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Man accused of murder to be released on bond after Dallas Police Department loses data related to pending cases

Jonathan Pitts was supposed to stand trial for murder this week, but the case has been reset.
Credit: Stock photo
Stock photo of jail bars

DALLAS — A man accused of murder will be released from jail, as Dallas police work to determine if any of his case files were deleted in a huge data loss.

Jonathan Pitts was supposed to stand trial for murder this week, but the case has been reset.

Dallas police said Pitts is accused of shooting and killing man in 11000 block of Dennis Road on Jan. 28, 2019. 

Friday night the Dallas Police Department released the following statement: 

"The Dallas County District Attorney’s Office contacted the homicide detective assigned to the investigation on Thursday, Aug. 12, to confirm all evidence was available for trial. The detective advised the prosecutor he would need time to confirm that all files and evidence were available. The detective notified the district attorney’s office on Thursday at 9:50 a.m. that all evidence was available. During the time it took the detective to confirm the files and evidence, the district attorney’s office had to file a motion of continuance with the court." 

In April 2021, the City discovered that multiple terabytes of Dallas Police Department data had been deleted, according to a memo by the Dallas County District Attorney’s Office.

But detectives said Friday night that "all evidence and data files were confirmed to be complete and available" for Pitts' trial. However, the department said when the "State is not ready for trial, state law requires that the suspect must be released on a Personal Recognizance Bond."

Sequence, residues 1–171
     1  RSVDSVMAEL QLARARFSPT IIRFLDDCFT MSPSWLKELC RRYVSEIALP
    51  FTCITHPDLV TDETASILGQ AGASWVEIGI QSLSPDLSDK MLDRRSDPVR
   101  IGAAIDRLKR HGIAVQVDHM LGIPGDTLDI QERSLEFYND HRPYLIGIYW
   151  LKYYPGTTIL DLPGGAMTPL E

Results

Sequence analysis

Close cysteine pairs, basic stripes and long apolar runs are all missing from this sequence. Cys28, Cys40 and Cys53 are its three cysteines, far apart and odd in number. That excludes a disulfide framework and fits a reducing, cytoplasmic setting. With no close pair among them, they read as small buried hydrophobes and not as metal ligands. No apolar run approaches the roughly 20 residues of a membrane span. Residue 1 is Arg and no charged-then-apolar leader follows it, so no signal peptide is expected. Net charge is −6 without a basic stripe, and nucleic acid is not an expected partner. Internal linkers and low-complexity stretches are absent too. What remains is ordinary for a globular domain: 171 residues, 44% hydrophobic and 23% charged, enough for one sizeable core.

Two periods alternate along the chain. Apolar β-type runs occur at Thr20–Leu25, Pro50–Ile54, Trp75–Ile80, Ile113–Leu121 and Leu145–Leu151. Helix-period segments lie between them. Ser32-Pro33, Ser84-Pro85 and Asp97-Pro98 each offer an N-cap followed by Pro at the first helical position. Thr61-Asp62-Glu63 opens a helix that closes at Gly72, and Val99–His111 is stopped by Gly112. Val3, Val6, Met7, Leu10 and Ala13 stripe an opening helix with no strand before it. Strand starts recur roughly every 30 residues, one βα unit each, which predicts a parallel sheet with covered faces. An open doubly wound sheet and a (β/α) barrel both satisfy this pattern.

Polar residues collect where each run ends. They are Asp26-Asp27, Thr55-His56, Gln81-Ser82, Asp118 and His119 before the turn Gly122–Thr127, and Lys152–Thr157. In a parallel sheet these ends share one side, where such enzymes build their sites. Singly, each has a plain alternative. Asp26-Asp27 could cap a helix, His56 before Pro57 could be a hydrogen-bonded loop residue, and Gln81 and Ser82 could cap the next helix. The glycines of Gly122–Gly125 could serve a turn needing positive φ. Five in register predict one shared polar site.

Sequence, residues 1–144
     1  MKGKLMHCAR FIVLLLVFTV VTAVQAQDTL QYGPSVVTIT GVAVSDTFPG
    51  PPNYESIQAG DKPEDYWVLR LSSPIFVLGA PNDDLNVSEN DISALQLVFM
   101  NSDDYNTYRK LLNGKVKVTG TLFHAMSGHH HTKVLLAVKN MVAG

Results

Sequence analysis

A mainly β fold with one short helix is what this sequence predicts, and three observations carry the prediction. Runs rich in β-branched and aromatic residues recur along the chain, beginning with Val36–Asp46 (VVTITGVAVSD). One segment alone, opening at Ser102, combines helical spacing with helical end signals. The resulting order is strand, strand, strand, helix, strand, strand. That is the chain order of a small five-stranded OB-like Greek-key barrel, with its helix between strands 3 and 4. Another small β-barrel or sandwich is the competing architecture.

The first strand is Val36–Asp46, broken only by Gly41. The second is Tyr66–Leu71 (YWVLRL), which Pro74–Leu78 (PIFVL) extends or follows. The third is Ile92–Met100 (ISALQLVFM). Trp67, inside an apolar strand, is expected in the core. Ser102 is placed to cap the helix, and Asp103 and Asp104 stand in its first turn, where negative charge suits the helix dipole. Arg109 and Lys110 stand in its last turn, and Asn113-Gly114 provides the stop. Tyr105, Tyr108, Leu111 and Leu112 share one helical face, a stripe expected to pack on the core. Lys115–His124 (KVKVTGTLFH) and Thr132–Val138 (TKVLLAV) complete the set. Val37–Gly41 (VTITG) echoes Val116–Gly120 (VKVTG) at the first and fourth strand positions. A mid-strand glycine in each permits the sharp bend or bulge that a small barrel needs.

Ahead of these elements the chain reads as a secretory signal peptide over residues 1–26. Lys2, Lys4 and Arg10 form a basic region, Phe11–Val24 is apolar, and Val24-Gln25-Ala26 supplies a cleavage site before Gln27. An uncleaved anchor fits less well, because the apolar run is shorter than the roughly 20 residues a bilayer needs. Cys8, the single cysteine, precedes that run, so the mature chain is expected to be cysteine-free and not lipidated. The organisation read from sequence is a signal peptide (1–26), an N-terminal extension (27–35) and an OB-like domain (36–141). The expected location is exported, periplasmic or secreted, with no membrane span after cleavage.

So, for now, Pitts will be able to remain on bond. Yet, as of Saturday night, he was still in the Dallas County jail, officials said. 

RELATED: Dallas police lost about 8 terabytes of files related to pending cases, officials say

According to the DA's memo, 22 terabytes of data were deleted from March 31 to April 5. 

About 14 terabytes were recovered, but approximately eight terabytes remain missing and are believed to be unrecoverable, the memo said.

One terabyte (or 1,000 gigabytes) is equivalent to about 16 iPhones, the 512GB model.

The City of Dallas became aware of the issue on April 5, when Dallas Police Department users noticed certain files were missing, the memo said. 

The City of Dallas is working on a plan to specifically identify affected cases.

District Attorney John Cruezot said his office is now working with the police department to determine how many cases are affected by the data loss. 

 

 

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